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To determine the prognosis of medical inpatients who are elderly and have depression.
Studies were identified by searching Medline (1980 to September 1996) and PsychINFO (1984 to September 1996) databases using the keywords depression, prognosis, course, follow up, and aged and by scanning the bibliographies of relevant papers.
Studies were selected if they reported original research, were published in English or French, had a study population of medical inpatients whose mean age was ≥60 years, and reported affective state as an outcome. Studies of patients with exclusively 1 condition were excluded.
Data were extracted by 1 reviewer on the methods and design of the studies (formation of an inception cohort, description of referral pattern, length and completion of follow up, objective outcome criteria, unbiased outcome assessment, and adjustment for extraneous prognostic factors); patient population; diagnostic criteria; proportion of cases detected and treated; affective outcomes; and prognostic factors.
8 studies involving 265 depressed patients met the inclusion criteria. All studies assembled inception cohorts and follow up was complete in 5 studies. All studies had some methodological flaws, particularly in the description of referral patterns, use of unbiased outcome assessments, length of follow up, and adjustment for extraneous prognostic factors. Follow up was ⩽3 months in 5 studies (mean 1.5 mo) and ≥12 months (mean 18 mo) in 4 studies (1 study reported data for both follow up periods). 5 studies reported the rates of eventual antidepressant treatment (median 46%, range rare to 100%). 3 outcome categories were consistent across the studies: well, depressed, and dead. When the results for 4 studies that followed up patients for ≥12 months were combined, 19% of patients were well (95% CI 6% to 32%), 29% were depressed (CI 9% to 50%), 53% died (CI 18% to 88%, only 2 studies reported deaths), and 22% had other outcomes (CI 15% to 29%) such as dementia, partial remission, loss to follow up, and refusal. When the results for 5 studies that followed up patients for ⩽3 months were combined, 18% of patients were well (CI 6% to 30%), 43% were depressed (CI 24% to 61%), 22% died (CI 0% to 49%, only 3 studies reported deaths), and 22% of patients had other outcomes (CI 15% to 28%). Heterogeneity existed across studies for 3 of the 4 outcomes. When 1 study in which all patients were treated and followed up was removed, heterogeneity existed for 1 of 4 outcomes.
Most studies on the prognosis of depression in inpatients who are elderly have flaws; these studies suggest that prognosis is relatively poor with 19% of patients becoming well.
Substantial depression is found in 15% to 20% of medical patients who are elderly,1 but there is little to guide the clinician on how best to treat these patients. They are a difficult group to research. The overlap of medical and psychiatric symptoms makes psychiatric assessment problematic, and attrition rates in such studies are usually about 50%. Hence, Cole and Bellavance found only 8 studies which met reasonable inclusion criteria. Pooling this kind of data is bound to result in rather imprecise outcome figures. Nevertheless, the striking finding is that the outcome is poor—only 1 in 5 patients recovered. This is similar to community studies of people who are elderly and depressed, but considerably worse than patients treated by psychiatrists. Indeed, Cole's earlier meta-analysis of elderly patients with depression who were treated by psychiatrists showed a far more favourable outcome; 60% of patients recovered.2 What could explain this discrepancy? Prognostic research of patients who are elderly and medically ill consistently highlights poor detection of depression and low rates of treatment, either of which could worsen the outcome.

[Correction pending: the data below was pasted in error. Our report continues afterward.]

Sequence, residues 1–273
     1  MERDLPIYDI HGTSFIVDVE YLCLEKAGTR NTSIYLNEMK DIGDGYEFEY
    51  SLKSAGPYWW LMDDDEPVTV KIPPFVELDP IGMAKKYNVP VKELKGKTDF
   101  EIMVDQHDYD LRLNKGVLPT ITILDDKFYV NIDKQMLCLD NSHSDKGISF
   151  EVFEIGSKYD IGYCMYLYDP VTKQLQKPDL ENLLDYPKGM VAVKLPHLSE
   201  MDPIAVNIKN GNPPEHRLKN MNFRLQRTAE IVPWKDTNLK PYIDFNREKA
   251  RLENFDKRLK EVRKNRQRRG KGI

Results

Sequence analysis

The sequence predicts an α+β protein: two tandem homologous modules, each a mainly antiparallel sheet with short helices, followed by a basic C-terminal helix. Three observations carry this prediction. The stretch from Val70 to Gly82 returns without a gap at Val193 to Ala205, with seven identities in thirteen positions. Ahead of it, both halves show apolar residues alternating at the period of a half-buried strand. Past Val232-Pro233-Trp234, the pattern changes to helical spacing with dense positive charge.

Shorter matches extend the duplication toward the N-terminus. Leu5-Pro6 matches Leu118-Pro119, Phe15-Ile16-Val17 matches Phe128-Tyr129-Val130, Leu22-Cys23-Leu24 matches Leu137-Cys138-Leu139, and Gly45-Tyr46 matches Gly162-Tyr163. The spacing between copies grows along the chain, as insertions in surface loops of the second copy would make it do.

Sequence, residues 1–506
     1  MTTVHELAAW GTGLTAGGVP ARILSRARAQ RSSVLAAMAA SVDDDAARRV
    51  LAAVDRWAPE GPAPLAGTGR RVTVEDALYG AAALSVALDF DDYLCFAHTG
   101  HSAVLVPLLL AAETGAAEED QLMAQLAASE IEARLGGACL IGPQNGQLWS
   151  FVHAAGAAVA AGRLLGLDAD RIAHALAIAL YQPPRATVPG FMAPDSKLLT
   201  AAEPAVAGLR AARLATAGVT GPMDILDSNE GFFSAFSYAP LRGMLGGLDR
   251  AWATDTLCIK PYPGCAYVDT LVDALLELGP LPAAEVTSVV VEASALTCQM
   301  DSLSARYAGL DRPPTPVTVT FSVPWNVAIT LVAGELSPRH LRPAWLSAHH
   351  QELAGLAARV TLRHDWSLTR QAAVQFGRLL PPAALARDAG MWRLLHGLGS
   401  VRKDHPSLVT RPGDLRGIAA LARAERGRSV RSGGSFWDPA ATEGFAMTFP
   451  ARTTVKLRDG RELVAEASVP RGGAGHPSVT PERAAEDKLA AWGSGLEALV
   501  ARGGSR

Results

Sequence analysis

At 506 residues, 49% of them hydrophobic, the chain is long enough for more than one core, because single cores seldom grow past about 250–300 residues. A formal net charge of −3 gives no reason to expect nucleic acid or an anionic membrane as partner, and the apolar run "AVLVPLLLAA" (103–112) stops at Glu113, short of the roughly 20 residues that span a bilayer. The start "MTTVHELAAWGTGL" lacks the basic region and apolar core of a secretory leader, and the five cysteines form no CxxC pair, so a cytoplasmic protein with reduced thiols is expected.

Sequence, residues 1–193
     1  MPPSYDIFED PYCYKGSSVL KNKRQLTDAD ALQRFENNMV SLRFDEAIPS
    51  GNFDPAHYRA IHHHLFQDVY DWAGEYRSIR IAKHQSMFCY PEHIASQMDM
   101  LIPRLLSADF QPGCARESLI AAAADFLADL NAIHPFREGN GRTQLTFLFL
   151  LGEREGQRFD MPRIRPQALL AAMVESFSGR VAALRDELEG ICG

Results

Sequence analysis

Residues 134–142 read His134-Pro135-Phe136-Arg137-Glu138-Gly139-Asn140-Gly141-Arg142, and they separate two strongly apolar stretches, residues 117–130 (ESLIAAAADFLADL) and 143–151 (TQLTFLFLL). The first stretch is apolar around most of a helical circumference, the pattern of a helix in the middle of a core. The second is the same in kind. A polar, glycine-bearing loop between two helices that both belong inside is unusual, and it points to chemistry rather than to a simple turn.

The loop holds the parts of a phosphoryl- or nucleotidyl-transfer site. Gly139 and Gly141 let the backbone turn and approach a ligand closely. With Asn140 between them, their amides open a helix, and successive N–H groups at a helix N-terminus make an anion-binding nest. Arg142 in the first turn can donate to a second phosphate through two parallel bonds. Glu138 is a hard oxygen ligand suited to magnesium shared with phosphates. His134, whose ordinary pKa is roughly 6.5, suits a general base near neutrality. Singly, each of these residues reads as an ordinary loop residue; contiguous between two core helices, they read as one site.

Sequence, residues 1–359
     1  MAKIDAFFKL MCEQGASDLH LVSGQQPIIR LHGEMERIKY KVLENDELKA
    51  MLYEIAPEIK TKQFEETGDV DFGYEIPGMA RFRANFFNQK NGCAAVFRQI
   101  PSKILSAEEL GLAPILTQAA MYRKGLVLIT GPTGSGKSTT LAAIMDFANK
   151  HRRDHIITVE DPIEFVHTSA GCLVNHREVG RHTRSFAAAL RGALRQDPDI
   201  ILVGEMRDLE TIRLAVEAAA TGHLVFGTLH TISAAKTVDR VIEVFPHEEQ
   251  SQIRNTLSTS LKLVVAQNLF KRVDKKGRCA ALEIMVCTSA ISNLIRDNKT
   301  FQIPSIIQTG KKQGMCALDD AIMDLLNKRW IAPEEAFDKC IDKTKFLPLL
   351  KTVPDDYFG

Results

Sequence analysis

This view is strengthened by a recent study in which fluoxetine was compared with placebo over 8 weeks in older patients who were medically ill.3 For the 42 patients who completed the study (82 entered it), recovery from depression in the actively treated group was approximately double that of those given a placebo. Although there are several flaws in these studies, there is a message: active detection and treatment may substantially improve the outcome. Medical comorbidity makes these patients among the most difficult to treat, but the current range of antidepressant drugs is such that most elderly people with depression, however frail, could be prescribed a drug that they can tolerate.
Source of funding: no external funding.
For article reprint: Dr M G Cole, Division of Geriatric Psychiatry, St. Mary's Hospital Center, 3830 Lacombe Avenue, Montreal, Quebec H3T 1M5, Canada.
Abstract and commentary also published in Evidence-Based Medicine 1998 Jul-Aug.
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